CBO Releases Analysis of the President's Budget
The Congressional Budget Office (CBO) has released its analysis of the President's FY 2015 budget, applying its own budget baseline and methodology to the President's policies. The agency finds that the budget would reduce debt relative to CBO's baseline by significantly less than the Administration anticipates, with debt on a modest upward path in the latter part of the ten-year budget window, increasing to 74.3 percent of GDP in 2024, rather than falling to 69 percent of GDP as OMB previously estimated. This development is not surprising, and we anticipated it when the budget was first released.
Thus, the budget only marginally improves the fiscal outlook relative to CBO's baseline, reducing 2015-2024 deficits on net by only $275 billion and debt in 2024 by only one percentage point of GDP, and it clearly does not do enough to put debt on a sustainable downward path.
The budget gets deficits close to stable at about 3 percent of GDP over the next ten years, a slight improvement over CBO's baseline, where deficits rise substantially in the second half of the ten-year window. Still, the $275 billion of net deficit reduction in the budget (excluding the war drawdown) does not put debt as a share of GDP on a downward path; debt as a percent of GDP would be 74.3 percent in 2024, about the same level it will be at the end of 2014, and it would be on an upward path after 2018. Compared to CBO's baseline, excluding the President's war drawdown, this represents an improvement of only one percentage point of GDP.
The budget gets most of its deficit reduction through tax increases and revenue resulting from immigration reform. As a result, revenue rises steadily from 17.6 percent of GDP in 2014 to 19.2 percent by 2024; by comparison, CBO's baseline has revenue staying steady around 18 percent of GDP. Outlays in the budget remain steady at around 21 percent of GDP through 2019 before rising gradually to 22 percent. This path is similar to what CBO projects in its baseline.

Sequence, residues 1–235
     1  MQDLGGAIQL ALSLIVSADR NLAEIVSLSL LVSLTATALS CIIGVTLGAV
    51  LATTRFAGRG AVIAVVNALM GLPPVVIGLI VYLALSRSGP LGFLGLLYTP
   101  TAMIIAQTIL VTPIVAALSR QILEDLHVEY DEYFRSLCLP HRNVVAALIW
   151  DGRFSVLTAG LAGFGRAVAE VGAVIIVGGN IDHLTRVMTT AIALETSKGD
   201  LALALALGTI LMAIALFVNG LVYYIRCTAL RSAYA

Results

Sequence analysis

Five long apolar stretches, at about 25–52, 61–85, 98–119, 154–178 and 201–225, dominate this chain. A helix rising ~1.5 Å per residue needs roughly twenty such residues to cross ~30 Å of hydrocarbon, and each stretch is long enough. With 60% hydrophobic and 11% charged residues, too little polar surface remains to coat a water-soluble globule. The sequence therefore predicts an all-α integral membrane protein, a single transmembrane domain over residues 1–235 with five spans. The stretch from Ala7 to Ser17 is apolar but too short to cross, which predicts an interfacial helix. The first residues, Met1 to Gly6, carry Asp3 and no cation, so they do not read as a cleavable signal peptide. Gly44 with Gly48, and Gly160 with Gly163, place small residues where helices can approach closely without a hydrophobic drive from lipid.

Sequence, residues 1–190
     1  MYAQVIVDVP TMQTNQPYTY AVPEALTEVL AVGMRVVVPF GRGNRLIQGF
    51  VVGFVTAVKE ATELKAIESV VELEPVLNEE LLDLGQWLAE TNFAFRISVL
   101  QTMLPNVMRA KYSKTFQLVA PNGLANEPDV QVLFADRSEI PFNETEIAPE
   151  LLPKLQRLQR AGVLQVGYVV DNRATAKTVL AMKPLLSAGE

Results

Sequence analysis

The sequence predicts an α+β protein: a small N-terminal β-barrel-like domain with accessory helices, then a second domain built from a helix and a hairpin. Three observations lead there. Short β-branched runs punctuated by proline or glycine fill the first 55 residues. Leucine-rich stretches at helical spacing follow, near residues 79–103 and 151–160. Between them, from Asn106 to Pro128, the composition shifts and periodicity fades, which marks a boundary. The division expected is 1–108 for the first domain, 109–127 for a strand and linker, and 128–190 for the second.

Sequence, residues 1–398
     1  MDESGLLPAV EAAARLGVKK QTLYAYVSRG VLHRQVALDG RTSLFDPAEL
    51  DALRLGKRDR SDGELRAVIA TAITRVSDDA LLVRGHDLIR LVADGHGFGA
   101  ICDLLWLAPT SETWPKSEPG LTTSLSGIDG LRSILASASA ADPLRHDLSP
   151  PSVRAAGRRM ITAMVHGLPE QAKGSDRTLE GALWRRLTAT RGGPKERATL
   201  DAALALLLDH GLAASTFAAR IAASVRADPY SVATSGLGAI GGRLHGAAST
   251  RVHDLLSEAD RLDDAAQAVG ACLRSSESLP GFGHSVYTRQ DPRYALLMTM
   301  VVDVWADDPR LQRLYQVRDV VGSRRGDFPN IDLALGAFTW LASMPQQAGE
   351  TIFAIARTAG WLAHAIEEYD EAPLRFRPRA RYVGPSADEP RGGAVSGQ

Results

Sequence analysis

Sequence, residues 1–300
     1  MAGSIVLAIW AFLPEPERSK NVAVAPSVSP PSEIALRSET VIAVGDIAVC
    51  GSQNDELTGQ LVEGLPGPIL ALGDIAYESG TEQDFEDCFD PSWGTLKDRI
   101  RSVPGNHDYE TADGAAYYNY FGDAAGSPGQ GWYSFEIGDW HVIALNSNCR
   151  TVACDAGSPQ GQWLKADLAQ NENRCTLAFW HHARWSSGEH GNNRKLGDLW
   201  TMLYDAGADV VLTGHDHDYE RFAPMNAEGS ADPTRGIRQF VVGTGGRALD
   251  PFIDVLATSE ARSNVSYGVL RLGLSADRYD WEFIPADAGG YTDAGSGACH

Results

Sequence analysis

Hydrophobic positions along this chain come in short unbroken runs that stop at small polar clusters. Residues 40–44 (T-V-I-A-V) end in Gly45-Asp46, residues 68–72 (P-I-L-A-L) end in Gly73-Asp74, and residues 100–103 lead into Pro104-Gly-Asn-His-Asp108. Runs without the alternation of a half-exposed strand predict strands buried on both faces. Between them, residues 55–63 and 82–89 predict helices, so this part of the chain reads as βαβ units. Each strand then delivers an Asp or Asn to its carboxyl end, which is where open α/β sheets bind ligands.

Budget Metrics as a Percent of GDP
A key difference between CBO's and the Administration's estimates of the budget is in their economic assumptions. CBO's projections are much more pessimistic, assuming GDP in 2024 will be $700 billion lower than the Administration projects. These differences in assumptions not only result in CBO projecting $1.3 trillion higher deficits over ten years, they also raise the debt-to-GDP ratio by lowering the denominator. Also, CBO does not give the President credit for $150 billion of claimed transition revenue from corporate tax reform (which the budget would dedicate to the Highway Trust Fund), instead assuming that the specified $225 billion in corporate tax revenue raised would all go to rate reduction.
CBO's projections make clear that while the President's budget is a small step in the right direction, it does not do nearly enough to put debt as a share of GDP on a clear downward path. In particular, the budget falls short on entitlement reforms, an area that would have been helped had the chained CPI reform not been removed from his budget.